While listening is an essential part of human communication, many of us aren’t as good at listening as we may believe.
Listening is more than just hearing – it is the willingness to understand and comprehend what someone is saying.
Listening is important for helping our peers to feel validated, and for helping us to truly empathise and connect with others.
‘Most people do not listen with the intent to understand; they listen with the intent to reply.’ – Stephen R. Covey, American educator, author, businessman and keynote speaker.
So how can we listen better?
It takes a lot of skill and practice to be a good listener. Perhaps the first step in becoming a good listener is to practice active listening.
Active listening requires full attention towards the speaker; focusing on understanding both their words and their feelings, proving to the speaker that what they are saying matters.
To be an active listener, it's also important to look and sound interested in what the speaker is saying. This means an active listener will:
- make eye contact with the person speaking
- face the person speaking, and use facial expressions and body language/position that indicates attentiveness, not boredom
- nod encouragingly throughout the conversation to show interest and understanding
- use verbal cues, saying things like “yes” and “uh-huh” to encourage the person to continue
Most importantly, an active listener must listen more than talk.
Active listeners don’t interrupt or finish sentences, and they hold back their initial reactions and thoughts until they fully understand the speaker’s perspective.
An active listener will also avoid speaking about their own related experiences, but will instead ask open-ended questions when the speaker pauses. For example: “Tell me more about how that makes you feel” or “What concerns you about that?”
It is important to listen out for how the person is feeling and thinking, not just the content of what they are saying.
‘We think we listen, but very rarely do we listen with real understanding, true empathy. Yet listening, of this very special kind, is one of the most potent forces for change that I know.’ – Carl Rogers, American psychologist and one of the founders of the humanistic approach to psychology.
Reflective / Empathetic listening
Reflective or empathetic listening takes listening to the next level, focusing more on the speaker’s emotions and empathising with their feelings on a greater level.
One of the techniques used by a reflective listener is to re-state what they believe the speaker has said to confirm their understanding, for example - ”That sounds like it was really embarrassing?”
A reflective listener will also focus on responding to the conversation, rather than leading it. Instead of making suggestions or trying to solve problems, reflective listeners are led by the speaker’s frame of reference and what’s on their mind.
For example, instead of suggesting “You should confront that person!” a reflective listener will empathise and show they understand the speaker by acknowledging their feelings - “So you felt really down for the rest of the day, hey?”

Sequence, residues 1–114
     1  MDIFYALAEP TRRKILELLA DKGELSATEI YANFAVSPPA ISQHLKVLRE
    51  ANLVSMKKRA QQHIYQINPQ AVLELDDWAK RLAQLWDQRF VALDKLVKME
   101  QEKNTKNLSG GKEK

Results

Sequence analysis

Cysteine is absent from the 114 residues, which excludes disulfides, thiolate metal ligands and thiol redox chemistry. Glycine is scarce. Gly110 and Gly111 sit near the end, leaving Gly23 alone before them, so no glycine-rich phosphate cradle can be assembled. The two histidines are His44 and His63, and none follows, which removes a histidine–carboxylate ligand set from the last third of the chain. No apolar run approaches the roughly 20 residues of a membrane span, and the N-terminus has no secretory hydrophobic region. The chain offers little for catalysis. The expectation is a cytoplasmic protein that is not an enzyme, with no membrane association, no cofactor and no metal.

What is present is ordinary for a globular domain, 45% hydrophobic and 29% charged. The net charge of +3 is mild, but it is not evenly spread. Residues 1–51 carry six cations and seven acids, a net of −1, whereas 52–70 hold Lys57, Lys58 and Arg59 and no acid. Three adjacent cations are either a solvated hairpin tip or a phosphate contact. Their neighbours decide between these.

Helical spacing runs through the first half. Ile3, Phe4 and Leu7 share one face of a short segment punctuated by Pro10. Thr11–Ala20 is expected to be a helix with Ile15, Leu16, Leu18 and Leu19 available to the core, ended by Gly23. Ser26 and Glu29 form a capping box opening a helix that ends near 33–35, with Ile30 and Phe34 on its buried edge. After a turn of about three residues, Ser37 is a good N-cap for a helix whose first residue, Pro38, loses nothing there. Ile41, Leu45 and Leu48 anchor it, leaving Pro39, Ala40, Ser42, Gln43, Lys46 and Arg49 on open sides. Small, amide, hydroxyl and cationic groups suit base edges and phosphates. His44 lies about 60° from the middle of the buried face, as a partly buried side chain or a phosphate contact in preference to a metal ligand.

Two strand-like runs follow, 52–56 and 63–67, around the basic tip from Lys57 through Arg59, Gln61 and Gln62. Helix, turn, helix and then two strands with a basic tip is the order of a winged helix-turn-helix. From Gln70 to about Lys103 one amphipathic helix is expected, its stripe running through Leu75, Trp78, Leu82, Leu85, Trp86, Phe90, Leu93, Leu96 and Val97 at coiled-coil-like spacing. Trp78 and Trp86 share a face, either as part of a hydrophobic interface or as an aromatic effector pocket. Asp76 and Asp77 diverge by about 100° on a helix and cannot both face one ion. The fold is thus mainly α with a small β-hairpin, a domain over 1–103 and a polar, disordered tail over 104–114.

Good listeners don’t try to solve problems
Sometimes people don’t need or aren’t looking for a solution to their problem, but instead are only seeking to be heard.
If you’re not sure whether the speaker wants solutions or just wants to be heard, ask them beforehand.
If the speaker just wants to be heard, a good listener might use responses like “I understand why you would have felt that way” or “I’m so sorry that happened to you.” Try not to worry about your responses though, as this is only a distraction from truly LISTENING to the speaker.
The purpose of listening, and more specifically reflective listening, is to understand a person’s feelings and encourage them to discuss these feelings. Reflective listening can also be used when a person is not yet sure about their feelings, but talking about them (and being listened to) can help them identify emotions and alleviate stress or worry.
What if I think the speaker needs support after I’ve listened to them?
Once we truly understand a person’s feelings and point of view, it then enables us to take the next step – which might be to ask them if they would like any suggestions or thoughts on possible action to take.
Keep in mind that people often come up with their own solutions once they’ve had the opportunity to talk openly and be truly heard.
If the person still doesn’t want help or advice, you can tell them that you’re there to listen whenever they want to chat again.
If the person does ask for help, we can then take lead of the conversation and speak from our own frame of reference, while still considering the other person’s.
Suggestions like “Maybe you should try this …” or “Have a think about …” can be used, and you can discuss your own thoughts and reasoning behind them.
You may also suggest that they seek the support of a professional counsellor, if the person feels like they need some extra support.
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Mary Brown | Relationship Counsellor and Educator
This article uses resources from JoAnne Yates, Professor of Management at the Massachusetts Institute of Technology.
This article was originally published on 18 July 2019 in ccam.org.au news and has been adapted.